Over the past year, the rupee has dropped nearly 26 per cent against the dollar.
In just the last three months, the rupee has dropped 12.6 per cent, closing at 57.15 to the dollar last Friday. This is the sharpest fall in any quarter for the rupee.
Even during the crisis of 2008, there was not so much depreciation in such a short time. Most companies, especially importers, have found their capacity for tolerance of such volatility stretched.
So why is the rupee going down?
Currencies react to both the fundamentals of demand and supply as well as sentiment. Sentiment is down — a spate of bad news on the economic front — slowing GDP, rating downgrades, policy drift, high inflation, lack of rate cuts etc., contributed to it.
On the fundamentals side, India is a net importer and therefore needs more dollars to pay for oil and gold (its two main imports) as well as other imports. India imported $180 billion more of goods than it exported (last year’s total imports were $480 billion while exports were $300 billion). This greater demand for dollars is of course reduced partially by capital inflows, borrowings, remittances, software earnings etc.
India imports 83 per cent of its oil requirements (last year’s bill was $150 billion). The monthly demand (of $12 billion) on this account as well as rising oil prices has usually kept the rupee under pressure. Apart from oil, there are gold imports for which the country paid nearly $60 billion last year.
Now, ironically, prices of both oil and gold have been coming down — which is expected to have favourable impact on the trade deficit this year. Brent crude prices have dropped to $90 a barrel, a drop of nearly 30 per cent since early 2012. A $1 decline in oil prices should help reduce current account deficit by about $1 billion.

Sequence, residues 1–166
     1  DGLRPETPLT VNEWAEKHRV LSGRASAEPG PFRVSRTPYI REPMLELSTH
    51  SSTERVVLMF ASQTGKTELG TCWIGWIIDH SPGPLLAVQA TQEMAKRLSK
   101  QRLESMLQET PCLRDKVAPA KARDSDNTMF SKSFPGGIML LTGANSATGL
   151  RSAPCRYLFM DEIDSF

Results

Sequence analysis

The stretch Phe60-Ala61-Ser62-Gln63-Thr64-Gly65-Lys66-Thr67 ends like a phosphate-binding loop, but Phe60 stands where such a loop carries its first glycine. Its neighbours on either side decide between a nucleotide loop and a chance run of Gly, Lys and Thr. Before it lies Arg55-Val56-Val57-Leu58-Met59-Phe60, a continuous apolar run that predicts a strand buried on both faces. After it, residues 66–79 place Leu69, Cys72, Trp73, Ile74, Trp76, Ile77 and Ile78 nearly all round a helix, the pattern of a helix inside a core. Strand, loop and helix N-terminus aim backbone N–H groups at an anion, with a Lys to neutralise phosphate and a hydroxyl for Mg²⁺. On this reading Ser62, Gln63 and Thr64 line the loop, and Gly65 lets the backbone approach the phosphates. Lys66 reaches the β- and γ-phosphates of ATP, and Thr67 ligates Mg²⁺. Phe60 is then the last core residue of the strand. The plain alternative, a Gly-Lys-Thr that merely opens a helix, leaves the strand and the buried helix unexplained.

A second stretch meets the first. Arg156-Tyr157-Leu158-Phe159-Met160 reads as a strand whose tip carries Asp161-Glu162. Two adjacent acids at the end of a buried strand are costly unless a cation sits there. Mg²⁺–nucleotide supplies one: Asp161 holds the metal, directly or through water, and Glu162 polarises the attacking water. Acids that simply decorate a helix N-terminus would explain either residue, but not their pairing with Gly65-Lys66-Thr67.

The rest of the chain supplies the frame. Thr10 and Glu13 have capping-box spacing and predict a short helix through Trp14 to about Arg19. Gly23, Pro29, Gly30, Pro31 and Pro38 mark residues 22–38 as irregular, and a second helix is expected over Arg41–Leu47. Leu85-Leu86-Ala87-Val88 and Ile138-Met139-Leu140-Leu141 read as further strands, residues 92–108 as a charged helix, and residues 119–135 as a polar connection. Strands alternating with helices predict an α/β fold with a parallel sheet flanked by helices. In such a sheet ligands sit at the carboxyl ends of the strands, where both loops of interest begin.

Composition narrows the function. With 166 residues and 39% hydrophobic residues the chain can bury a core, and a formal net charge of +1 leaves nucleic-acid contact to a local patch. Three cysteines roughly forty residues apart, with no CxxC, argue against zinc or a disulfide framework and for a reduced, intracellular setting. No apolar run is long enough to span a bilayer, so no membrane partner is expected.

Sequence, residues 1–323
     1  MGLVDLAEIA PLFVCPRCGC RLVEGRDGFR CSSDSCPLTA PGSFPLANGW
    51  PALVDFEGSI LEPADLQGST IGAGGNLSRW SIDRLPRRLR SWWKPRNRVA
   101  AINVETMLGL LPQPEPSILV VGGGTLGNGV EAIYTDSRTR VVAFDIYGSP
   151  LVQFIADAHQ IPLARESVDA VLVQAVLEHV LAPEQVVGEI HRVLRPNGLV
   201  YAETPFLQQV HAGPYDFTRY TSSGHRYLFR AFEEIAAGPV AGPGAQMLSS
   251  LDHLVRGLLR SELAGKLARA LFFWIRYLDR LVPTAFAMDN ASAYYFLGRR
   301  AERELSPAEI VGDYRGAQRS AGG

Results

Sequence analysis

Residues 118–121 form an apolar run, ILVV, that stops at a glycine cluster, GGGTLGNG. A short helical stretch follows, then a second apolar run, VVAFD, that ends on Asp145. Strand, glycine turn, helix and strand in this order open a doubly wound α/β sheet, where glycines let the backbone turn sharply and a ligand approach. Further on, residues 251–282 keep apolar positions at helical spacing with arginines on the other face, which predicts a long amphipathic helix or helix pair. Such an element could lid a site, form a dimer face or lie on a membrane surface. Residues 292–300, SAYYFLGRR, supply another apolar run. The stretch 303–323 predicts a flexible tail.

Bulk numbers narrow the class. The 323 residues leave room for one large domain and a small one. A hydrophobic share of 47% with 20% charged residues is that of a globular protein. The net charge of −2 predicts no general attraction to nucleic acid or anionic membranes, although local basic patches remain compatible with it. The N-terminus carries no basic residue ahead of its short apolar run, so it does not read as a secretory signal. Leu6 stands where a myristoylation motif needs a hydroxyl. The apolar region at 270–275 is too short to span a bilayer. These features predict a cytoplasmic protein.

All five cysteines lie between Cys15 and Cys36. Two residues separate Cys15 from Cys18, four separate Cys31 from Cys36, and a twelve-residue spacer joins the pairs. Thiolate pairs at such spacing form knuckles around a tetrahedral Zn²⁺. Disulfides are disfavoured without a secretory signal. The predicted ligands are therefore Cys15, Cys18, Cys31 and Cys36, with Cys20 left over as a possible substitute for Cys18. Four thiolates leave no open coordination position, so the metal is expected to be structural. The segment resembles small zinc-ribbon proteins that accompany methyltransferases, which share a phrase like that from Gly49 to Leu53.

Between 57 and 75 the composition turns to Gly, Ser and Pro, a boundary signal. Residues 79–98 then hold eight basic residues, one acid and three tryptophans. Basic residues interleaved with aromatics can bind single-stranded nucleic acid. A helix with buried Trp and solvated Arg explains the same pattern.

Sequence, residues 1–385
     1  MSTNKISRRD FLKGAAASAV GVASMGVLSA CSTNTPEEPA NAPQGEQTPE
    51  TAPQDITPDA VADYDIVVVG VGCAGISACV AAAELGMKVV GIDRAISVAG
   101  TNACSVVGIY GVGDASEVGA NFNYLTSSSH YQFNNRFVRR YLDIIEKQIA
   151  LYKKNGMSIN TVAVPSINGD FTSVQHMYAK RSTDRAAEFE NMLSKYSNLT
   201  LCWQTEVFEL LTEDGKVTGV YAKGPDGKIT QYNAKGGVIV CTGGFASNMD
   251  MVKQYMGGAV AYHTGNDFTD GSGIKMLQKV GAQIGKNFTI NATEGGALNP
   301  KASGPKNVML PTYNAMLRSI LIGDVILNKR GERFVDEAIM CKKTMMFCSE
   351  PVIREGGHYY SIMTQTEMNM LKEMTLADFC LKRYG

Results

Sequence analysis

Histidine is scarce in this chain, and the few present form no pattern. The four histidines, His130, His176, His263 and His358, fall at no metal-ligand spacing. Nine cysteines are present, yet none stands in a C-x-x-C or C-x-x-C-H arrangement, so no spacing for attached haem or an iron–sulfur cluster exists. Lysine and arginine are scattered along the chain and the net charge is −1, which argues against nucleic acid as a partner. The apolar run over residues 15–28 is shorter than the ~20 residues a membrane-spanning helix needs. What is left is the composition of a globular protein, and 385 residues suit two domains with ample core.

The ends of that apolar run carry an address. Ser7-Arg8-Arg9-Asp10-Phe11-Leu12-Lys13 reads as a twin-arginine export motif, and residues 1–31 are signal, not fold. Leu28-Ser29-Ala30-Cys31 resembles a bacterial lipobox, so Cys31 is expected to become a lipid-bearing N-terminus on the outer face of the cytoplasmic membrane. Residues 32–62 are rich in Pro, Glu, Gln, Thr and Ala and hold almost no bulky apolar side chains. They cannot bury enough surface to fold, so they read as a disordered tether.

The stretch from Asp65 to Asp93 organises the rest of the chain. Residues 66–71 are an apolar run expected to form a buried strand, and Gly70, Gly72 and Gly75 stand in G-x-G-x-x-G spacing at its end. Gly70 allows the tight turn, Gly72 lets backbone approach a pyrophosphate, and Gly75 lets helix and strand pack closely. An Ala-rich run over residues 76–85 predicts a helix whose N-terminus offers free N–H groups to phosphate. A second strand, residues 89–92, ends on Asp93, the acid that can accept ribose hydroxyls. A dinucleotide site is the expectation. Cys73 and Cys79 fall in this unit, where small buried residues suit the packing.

The drop in oil prices has allowed markets to project that trade deficit will be down by $25 billion this year.
Such inferences should in the normal course have led to an appreciation of the rupee. This is something market experts say will still happen — eventually — perhaps in six months to one year.
But in the short term there is a mood of panic and poor sentiment and dire predictions that the rupee is heading for ‘retirement’ — the euphemism for its value touching 60 to the dollar. There is now a unidirectional and sustained downtrend in the short-term, market experts say.
Forex experts say that importers are increasing the tenor of their cover — the protection they buy against a further decline in the rupee. In simple terms, if importers covered their import bills for 2 months earlier, they are now doing it for three to four months. This, they say is contributing to panic, further volatility and uncertainty. In contrast, exporters, revenue earners such as software industries, are not selling dollars that they earn, waiting for the rupee to depreciate further.
HIGH HEDGING COST
The cost of hedging through one-year forward contracts has been high. The forward premium was as high as 6.6 per cent a few weeks ago, before falling to 4.83 per cent just before the RBI policy. The disappointment at not getting the expected cut has resulted in forward premiums once again jumping to 5.5 per cent now. Even CII President, Mr Adi Godrej, told Business Line recently, that the cost of hedging was prohibitively high and he preferred not to hedge.
Experts say that bunching of payments by oil companies (for oil imports) in the spot market has increased demand for dollars in the short term. Normally, oil companies avail of short-term buyer credit of between 3-6 months and stagger their payments.
However, with the rupee depreciating so drastically, they prefer to pay their bills immediately rather than buying on credit. This creates a further pressure in an already frayed market.
Normally, the Reserve Bank tries to cool this down by opening a special window for oil companies (so that they don’t buy more dollars in the market) for a short period of time. There has been such talk in the market although there is no official word yet.
The Finance Minister has promised some action and a package of measures from the RBI today. Let’s wait and see.